Measuring gravitational weak lensing effects from the ground is difficult as the atmosphere blurs the galaxy images hindering the measurement of the small gravitational lensing distortions. To overcome this difficulty and exploit the great promise of gravitational lensing, observations need to be taken from space. The European Space Agency has responded to this challenge approving the Euclid mission. Euclid is a cosmology mission designed to understand why the expansion of the Universe is accelerating and what is the nature of the source responsible for this acceleration that physicists refer to as dark energy.
Euclid consists of a 1.2m telescope with two instruments: a visible imager (VIS) to take wide field sharp images and a near-infrared spectrophotometer (NISP) that can image and take slitless spectroscopy in the near-infrared (see Fig. 2). Euclid will explore how the Universe evolved over the past 10 billion years to address questions related to fundamental physics and cosmology on the nature and properties of dark energy, dark matter and gravity, as well as on the physics of the early Universe and the initial conditions which seeded the formation of cosmic structure. The imprints of dark energy and gravity will be tracked by using two complementary cosmological probes to capture signatures of the expansion rate of the Universe and the growth of cosmic structures: weak gravitational lensing, measuring the distortion of galaxy shapes, and galaxy clustering, determining the positions of galaxies and their distribution.
Euclid is expected to be launched in 2022 and will complete a cosmological survey in six years, covering 15000 square degrees on the sky. The complete survey will collect hundreds of thousands of images and several tens of Petabytes of data. About 10 billion sources will be observed by Euclid, out of which more than one billion will be used for weak lensing studies and several tens of million galaxy redshifts will be also measured and used for galaxy clustering. The scientific analysis and interpretation of these data is led by the scientists of the Euclid Consortium.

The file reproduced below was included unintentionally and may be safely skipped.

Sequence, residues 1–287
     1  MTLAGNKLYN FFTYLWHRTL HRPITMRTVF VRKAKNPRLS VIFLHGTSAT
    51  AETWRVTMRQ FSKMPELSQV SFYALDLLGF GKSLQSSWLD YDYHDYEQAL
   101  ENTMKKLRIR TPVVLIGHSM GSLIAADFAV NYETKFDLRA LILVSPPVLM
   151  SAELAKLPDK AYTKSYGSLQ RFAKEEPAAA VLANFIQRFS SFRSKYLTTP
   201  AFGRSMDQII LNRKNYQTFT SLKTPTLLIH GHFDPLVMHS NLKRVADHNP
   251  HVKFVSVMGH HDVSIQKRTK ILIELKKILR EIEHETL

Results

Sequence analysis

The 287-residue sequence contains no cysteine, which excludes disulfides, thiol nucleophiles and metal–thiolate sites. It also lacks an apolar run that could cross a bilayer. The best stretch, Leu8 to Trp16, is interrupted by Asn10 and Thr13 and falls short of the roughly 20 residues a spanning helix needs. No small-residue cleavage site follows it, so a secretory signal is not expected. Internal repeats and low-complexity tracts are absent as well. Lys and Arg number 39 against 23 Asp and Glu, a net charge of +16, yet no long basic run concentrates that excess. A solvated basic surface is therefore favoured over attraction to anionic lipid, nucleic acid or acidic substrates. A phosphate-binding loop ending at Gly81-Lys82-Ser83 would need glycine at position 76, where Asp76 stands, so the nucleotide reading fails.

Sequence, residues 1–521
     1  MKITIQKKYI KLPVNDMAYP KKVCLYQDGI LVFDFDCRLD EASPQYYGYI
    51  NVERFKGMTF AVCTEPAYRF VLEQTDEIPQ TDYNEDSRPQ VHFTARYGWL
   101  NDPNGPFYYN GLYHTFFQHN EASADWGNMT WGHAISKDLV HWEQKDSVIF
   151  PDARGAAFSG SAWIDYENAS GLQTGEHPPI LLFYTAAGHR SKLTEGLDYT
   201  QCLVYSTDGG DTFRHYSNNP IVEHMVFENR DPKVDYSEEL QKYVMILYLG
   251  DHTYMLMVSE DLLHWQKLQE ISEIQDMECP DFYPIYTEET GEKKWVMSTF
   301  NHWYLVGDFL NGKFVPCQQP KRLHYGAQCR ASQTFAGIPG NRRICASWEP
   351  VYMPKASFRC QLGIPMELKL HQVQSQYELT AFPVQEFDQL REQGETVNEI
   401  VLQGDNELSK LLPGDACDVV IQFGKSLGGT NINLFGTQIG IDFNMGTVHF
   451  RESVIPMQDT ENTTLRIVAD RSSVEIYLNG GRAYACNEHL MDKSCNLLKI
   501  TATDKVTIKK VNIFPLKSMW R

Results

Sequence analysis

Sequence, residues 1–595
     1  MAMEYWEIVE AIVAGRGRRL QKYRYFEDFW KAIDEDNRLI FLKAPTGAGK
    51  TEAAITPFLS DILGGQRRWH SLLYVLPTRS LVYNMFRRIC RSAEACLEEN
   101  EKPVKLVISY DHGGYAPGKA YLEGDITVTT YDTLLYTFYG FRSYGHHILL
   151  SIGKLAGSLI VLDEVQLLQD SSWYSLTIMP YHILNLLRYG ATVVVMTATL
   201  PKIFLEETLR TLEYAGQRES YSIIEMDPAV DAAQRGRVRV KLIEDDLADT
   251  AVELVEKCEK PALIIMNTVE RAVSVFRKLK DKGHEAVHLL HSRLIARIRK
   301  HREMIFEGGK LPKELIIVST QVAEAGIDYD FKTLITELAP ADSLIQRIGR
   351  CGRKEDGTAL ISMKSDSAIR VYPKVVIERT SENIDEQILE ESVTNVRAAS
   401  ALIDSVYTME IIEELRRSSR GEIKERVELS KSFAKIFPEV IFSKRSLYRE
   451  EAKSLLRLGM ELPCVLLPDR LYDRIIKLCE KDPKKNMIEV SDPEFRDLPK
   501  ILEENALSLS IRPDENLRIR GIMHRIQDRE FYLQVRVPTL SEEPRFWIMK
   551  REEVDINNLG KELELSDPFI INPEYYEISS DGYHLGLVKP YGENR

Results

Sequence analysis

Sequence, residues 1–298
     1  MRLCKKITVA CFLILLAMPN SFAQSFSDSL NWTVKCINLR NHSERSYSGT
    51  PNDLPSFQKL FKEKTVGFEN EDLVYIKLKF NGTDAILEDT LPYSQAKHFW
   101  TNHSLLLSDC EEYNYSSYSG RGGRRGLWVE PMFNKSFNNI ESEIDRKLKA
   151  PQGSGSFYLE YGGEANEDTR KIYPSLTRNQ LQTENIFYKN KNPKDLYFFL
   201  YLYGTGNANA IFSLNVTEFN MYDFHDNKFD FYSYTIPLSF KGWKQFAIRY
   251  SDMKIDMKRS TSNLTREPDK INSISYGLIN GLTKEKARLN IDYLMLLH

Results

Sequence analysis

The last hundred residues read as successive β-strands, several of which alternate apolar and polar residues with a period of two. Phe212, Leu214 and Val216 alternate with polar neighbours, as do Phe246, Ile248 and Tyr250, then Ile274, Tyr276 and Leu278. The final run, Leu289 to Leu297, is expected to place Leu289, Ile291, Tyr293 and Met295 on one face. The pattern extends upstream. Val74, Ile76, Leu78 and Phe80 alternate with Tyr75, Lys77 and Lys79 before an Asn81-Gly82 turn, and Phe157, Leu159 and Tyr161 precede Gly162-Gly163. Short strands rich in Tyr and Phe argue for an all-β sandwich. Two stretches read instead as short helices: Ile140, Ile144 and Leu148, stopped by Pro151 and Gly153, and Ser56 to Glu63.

Our group is deeply involved in Euclid. Together with IFAE, we were responsible for providing the filter wheel assembly (FWA) for the NISP instrument of the telescope. We delivered the Flight Model of the FWA for integration in the NISP in December 2019. Along with the Port d’Informació Científica (PIC), we provide high-resolution simulations of the structure of the Universe for later comparison with the observations and data to be obtained with the satellite. We are responsible for the Simulations Organisation Unit of the Euclid Science Ground Segment. PIC hosts the Euclid Spanish Science Data Center. In 2018, together with the University of Zurich, we released to the collaboration the Flagship Simulation, that served as input for the Science Performance Verification 2 of the mission and the Mission Critical Design Review (CDR). The Flagship Simulation was the largest N-body simulation run at that time.
Euclid represents the next step of cosmological surveys, where data are taken from space to avoid the disturbance of the Earth atmosphere. It comprehensively combines the information from weak lensing and galaxy clustering to determine the structure of the Universe. Our group at ICE-CSIC and IEEC is well placed to exploit and interpret the data that Euclid will gather.
Francisco J Castander acknowledges support from the Ministerio de Ciencia e Innovacion project PID2019-111317GB-C31.